It’s almost the time of year when the term “polar vortex” will become inescapable. It will blast across television tickers, blare from afternoon drive radio shows, and crowd any headline related to snow. But despite its seizure by pop culture, the polar vortex is a real scientific phenomenon — and atmospheric scientists are anticipating a strong one to kick off winter.

Contrary to popular belief, that doesn’t mean widespread snow or cold for the Lower 48. In fact, the opposite may be true, with unseasonable warmth and mild temperatures more likely for most of the southern, central and eastern United States.

— What is the polar vortex?

The polar vortex is a staple of the atmosphere; the southern hemisphere has one, too. Each polar vortex has two parts — the tropospheric polar vortex, which occupies the lowest level of the atmosphere in which we reside, and the stratospheric polar vortex up above. The tropospheric polar vortex is usually wavier and more erratic, while its counterpart in the stratosphere tends to be smoother and more self-contained.

Both are “coupled,” meaning changes in one can influence the other. That’s why meteorologists look at the health of the stratospheric polar vortex for longer-range indicators of how the weather people actually experience evolves. A stronger stratospheric polar vortex tends to fence in the cold, while a weaker one allows Arctic outbursts to visit the midlatitudes.

— How does the polar vortex affect us?

“The weather during a strong polar vortex is usually not as exciting as we get when we have a weak polar vortex,” explained Hannah Attard, an associate professor of atmospheric sciences at Embry-Riddle Aeronautical University in Daytona Beach, Florida.

“When you have a strong polar vortex, it’s really acting to bottle up all that cold air at the poles, so you won’t get those undulations at the midlatitudes letting that cold air spill out,” said Attard.


That looks to be the case for the next several weeks, at the very least delaying the onset of winter’s mischief.

“[Given] the fact that the polar vortex has gotten so strong, … I think this one will be associated with overall mild weather to kick off December,” said Judah Cohen, director of seasonal forecasting at Atmospheric and Environmental Research. He says that a La Niña pattern taking shape over the eastern Pacific could also encourage the polar vortex to remain strong.

“I’m not seeing much evidence to break it down or get it wavy and exciting,” agreed Attard. “I think for now it’s pretty steady, and will keep that cold air bottled up north.”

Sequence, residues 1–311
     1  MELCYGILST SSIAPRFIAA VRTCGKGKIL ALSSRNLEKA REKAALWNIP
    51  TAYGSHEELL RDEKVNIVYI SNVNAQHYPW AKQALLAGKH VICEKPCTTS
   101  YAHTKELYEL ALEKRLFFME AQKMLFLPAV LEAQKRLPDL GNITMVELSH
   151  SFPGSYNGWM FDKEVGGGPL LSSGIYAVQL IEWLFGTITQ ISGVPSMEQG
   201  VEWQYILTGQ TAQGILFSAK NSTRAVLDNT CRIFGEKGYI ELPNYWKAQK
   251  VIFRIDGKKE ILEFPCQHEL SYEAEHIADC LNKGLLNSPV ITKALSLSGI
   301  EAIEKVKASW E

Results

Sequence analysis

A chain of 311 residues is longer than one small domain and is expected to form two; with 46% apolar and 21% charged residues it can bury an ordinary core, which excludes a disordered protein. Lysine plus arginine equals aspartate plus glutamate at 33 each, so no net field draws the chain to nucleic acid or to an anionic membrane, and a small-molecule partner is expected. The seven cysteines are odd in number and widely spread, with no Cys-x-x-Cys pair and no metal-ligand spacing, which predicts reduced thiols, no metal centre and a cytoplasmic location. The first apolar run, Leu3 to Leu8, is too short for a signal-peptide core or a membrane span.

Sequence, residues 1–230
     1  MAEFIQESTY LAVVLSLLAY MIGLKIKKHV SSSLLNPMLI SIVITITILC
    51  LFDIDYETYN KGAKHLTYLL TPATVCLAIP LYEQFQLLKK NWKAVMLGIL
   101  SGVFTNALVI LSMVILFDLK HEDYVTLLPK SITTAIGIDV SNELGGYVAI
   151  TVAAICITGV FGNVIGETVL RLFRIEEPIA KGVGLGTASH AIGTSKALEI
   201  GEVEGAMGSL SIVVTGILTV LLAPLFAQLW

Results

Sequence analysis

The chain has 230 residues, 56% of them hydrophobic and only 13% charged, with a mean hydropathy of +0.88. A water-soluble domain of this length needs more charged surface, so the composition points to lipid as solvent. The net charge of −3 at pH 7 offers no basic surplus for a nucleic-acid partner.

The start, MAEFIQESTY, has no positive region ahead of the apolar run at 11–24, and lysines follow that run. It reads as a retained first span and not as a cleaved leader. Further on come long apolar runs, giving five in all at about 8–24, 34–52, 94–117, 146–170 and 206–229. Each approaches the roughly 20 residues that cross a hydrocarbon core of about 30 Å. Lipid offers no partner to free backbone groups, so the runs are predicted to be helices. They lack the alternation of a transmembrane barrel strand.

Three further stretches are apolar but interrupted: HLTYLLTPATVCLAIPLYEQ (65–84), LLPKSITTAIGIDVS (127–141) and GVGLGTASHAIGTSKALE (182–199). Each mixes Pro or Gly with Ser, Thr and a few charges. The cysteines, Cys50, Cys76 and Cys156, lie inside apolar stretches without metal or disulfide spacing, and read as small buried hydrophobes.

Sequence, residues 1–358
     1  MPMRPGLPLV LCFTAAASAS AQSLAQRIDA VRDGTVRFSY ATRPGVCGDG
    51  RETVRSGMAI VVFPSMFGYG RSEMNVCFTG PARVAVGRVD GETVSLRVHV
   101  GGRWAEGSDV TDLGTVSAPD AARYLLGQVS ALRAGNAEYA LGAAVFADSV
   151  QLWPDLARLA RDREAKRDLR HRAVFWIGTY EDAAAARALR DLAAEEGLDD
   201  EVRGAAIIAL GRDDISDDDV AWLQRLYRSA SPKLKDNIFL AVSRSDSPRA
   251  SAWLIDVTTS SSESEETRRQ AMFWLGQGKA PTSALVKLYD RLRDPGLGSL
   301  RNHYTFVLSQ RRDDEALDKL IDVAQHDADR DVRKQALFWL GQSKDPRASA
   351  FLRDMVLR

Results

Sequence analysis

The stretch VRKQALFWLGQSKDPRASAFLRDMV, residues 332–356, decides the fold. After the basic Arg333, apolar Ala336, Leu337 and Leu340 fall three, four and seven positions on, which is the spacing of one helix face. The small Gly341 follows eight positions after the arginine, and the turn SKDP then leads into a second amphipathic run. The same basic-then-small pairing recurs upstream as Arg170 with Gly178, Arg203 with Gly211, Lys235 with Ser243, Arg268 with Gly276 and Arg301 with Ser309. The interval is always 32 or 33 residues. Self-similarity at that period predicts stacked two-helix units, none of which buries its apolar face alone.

An El Niño, on the other hand, would favor a more rapid breakdown of the polar vortex, allowing the collapse of prolonged bitter chill to extend into the Lower 48. That’s not the case this year.

“With El Niño … we get [disturbances] that flux heat into the upper atmosphere and break down the polar vortex,” said Attard. “With La Niña you may not get that as much.”

— A mild start to winter for most, but uncertainty thereafter

The National Weather Service Climate Prediction Center is forecasting odds of above-average temperatures for most of the southern, central and eastern United States through late February; that could suppress snow totals for many. Only the northern Plains, the Pacific Northwest and the Inside Passage of Alaska are favored to see colder-than-average conditions prevail.


Granted, that forecast takes into consideration a number of other factors; the polar vortex is tough to predict further out than two or three weeks into the future.

“Using the models, the GFS, the European … those are at the weekly time scales we’re forecasting,” said Attard. “We can only forecast the polar vortex out about as far as those models go.”

She said atmospheric scientists can aim for broader generalizations about the vortex later in the season, but it’s impossible to make a definitive call so early.

“It’s strong right now, so it’s likely going to remain strong,” said Attard.

Amy Butler, an atmospheric scientist with NOAA, agrees, but mentioned some uncertainty midwinter.

“Seasonal forecasts initialized in November seem to have some skill at least through January,” wrote Butler in an email. “This year, the seasonal forecasts initialized in November somewhat disagree on the strength of the polar vortex in January, then more consistently show a strong polar vortex in Feb/Mar.”


In other words, the bookends of the season could be mild, but January into early February are more uncertain. Cohen said there has been a growing trend in recent years — likely driven in part by increasing greenhouse gas concentrations — for the polar vortex to remain strong in December, before becoming perturbed and unleashing shots of cold in January and February.

Cohen also made note of Siberian sea ice coverage, which has bottomed out at record minimum levels. He believes that, by heating the adjacent atmosphere, the resulting “ridge” of warm high pressure over Europe and Scandinavia can disrupt the polar vortex, speeding its disorganization. That would increase the risk of Arctic outbreaks.

“There’s a naturally occurring wave across Eurasia,” said Cohen, describing regimes of high and low pressure that frequent European and Asian weather maps. He said that pattern is being reinforced by sea ice and snow cover patterns.

“The stronger that wave gets, the weaker the polar vortex. A stronger wave gives off more energy, and that … energy gets absorbed in the polar stratosphere and leads to a warming [of the polar vortex],” said Cohen. That hastens its demise.

Overall, the trio of experts concurred warmth was likely over the Lover 48 to kick things off in December, but how the vortex evolves into January remains a mystery. That said, there are prospects for a milder spring.